Monthly Howl- July 2018

Hello all! We are very pleased you have joined us for the Monthly Howl! August has been a busy month so we apologize for the delayed July edition. The Monthly Howl was created to give you a vicarious taste of what it is like at Wild Spirit and to keep you informed of the previous month’s activities, success and challenges. For July, we wanted to give you something a bit different and geared towards helping you better understand an important and vital piece of the sanctuary: our volunteers!

For 25+ years, volunteers have been a fundamental part of WSWS. Without volunteers, things would be very difficult and effectively caring for over 65 animals year round would not be possible. If it were not for the immense generosity of the human spirit, and the willingness for complete strangers to leave behind their homes to come serve disenfranchised exotic animals, the sanctuary would likely not exist.


The accommodations at the sanctuary are not superb, the environment can be harsh, and the work can be very hard. You would consider it a miracle that people actually come here to face down all of the obstacles for no pay! Yes we do offer free room and board, but even those resources are modest because our primary focus is taking care of the rescues, so our monetary resources are predominantly transferred in their direction. Yet, year after year, selfless human beings make it out to the high-desert, New Mexican wilderness to take care of rescued animals in need.

Becoming a volunteer here is not easy either! Applicants first send their cover letter and resume, are then sent an application and then they face a panel interview, with 3-4 interviewers, consisting of challenging and at times, intimate questions. Our application process is thorough so that we can weed out individuals who we feel will not transition well into becoming “part of the pack”. We bring only those we feel are committed to the cause, are generous of spirit and are able to acclimate to communal living.


For those unfamiliar with sharing a living space with complete strangers, the move into the bustling and bubbling volunteer sphere at WSWS can be a bit of shock. We have one 700 SQ foot kitchen that is sometimes shared by up to ten people! We only have two shower rooms (both located in the campground), making shower time a dance as we all attempt to get our showers in before all of the hot water is used up and trek back to our dwelling. Although we provide food, we do not buy junk food. We strive to supply only “real food” for our volunteers, as we consider junk food to be a waste of the precious and limited resources supplied by our trusted donors. Housing units are rustic and can be considered by some to be primitive. Only two of our current units have kitchens and both are occupied by staff members. Many of our housing units are not on grid power and subsist on the bare minimum provided by solar panels that were donated or purchased years ago. We believe it is quite a feat of the human spirit to be able to give selflessly while expecting very little in return!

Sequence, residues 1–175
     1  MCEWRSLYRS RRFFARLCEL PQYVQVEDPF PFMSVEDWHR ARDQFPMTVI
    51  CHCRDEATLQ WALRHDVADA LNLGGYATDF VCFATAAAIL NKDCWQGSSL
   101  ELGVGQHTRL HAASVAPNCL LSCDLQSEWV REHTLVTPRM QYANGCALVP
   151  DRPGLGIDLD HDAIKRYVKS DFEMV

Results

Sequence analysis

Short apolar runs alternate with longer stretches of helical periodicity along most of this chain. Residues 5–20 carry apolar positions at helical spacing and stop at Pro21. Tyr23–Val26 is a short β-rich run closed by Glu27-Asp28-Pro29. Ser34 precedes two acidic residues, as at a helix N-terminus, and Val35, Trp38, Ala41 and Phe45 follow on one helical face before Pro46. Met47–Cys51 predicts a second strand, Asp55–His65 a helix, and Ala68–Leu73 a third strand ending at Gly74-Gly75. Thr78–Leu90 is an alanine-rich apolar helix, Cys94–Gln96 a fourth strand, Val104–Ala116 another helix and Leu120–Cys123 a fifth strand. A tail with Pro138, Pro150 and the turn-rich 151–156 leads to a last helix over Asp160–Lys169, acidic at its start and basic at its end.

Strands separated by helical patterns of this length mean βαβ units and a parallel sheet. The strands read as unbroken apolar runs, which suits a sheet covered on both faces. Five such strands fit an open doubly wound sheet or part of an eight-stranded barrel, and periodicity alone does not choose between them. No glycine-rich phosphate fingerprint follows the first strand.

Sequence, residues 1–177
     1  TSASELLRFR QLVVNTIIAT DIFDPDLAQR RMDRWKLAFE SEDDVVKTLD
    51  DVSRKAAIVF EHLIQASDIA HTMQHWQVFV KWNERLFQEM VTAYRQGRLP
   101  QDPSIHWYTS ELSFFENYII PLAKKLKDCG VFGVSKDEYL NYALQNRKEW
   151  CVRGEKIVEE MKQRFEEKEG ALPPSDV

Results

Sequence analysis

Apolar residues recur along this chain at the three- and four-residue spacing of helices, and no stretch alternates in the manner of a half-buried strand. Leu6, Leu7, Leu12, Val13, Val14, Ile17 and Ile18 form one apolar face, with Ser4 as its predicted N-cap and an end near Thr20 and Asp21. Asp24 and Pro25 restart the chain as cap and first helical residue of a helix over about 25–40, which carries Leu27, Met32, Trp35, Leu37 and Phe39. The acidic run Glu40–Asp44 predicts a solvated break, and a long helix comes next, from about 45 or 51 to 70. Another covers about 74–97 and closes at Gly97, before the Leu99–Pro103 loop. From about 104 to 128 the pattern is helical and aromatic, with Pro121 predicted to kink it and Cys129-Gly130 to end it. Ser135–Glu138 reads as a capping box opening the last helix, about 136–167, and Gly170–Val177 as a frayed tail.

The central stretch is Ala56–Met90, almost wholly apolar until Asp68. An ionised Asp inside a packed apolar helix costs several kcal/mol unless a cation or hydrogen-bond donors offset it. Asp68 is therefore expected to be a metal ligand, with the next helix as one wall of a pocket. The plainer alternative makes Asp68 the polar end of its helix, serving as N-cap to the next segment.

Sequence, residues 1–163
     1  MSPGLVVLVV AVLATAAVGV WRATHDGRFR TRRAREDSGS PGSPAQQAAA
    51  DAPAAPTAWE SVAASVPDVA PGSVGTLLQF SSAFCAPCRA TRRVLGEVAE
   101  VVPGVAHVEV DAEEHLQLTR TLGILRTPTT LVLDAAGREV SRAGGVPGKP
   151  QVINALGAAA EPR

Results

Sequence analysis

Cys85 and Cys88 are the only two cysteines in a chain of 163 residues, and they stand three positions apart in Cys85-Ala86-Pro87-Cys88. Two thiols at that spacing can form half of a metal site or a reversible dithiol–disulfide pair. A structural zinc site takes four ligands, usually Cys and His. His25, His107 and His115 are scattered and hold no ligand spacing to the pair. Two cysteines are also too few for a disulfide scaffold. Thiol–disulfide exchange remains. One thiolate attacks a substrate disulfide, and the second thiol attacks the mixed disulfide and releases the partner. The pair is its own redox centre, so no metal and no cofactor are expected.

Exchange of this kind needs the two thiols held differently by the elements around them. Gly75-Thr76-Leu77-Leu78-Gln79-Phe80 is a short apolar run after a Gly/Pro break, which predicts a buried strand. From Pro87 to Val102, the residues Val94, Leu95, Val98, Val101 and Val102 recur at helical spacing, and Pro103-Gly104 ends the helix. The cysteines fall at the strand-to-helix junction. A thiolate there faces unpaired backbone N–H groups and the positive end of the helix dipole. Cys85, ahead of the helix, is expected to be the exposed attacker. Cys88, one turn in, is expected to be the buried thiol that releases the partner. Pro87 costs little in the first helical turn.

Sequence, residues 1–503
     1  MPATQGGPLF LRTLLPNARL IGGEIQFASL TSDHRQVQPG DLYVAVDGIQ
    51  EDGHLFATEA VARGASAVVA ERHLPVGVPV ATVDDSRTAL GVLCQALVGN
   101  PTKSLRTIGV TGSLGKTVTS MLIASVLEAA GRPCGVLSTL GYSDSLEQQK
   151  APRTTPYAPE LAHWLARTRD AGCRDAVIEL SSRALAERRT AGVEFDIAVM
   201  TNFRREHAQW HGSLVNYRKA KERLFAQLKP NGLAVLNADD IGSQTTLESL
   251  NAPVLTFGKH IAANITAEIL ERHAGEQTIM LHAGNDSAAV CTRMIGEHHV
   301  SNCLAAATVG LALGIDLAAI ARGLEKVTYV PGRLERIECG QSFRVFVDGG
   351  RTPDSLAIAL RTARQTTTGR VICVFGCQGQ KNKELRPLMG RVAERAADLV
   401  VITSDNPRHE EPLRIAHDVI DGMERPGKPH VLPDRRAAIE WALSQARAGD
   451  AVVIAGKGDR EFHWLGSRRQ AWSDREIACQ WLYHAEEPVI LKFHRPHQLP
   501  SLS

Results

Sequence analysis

The interview process and environmental challenges are only the tip of the iceberg endured by our volunteers, as arriving here is only the beginning. Every person with an interest in working with the animals must undergo a 2 week training process, with days lasting up to 13 hours in the summer. They must learn the intricacies of sanctuary life, the layout of the land, the names of every single animal and what medications they take, and know where every single lock, chain and clip belongs. It can be a difficult process for some. At the end of their training period, volunteers are required to pass two exams, one written and the other verbal, with 100% accuracy. This way we can ensure that our rescues will get the quality of care they deserve and what we have come to be known for.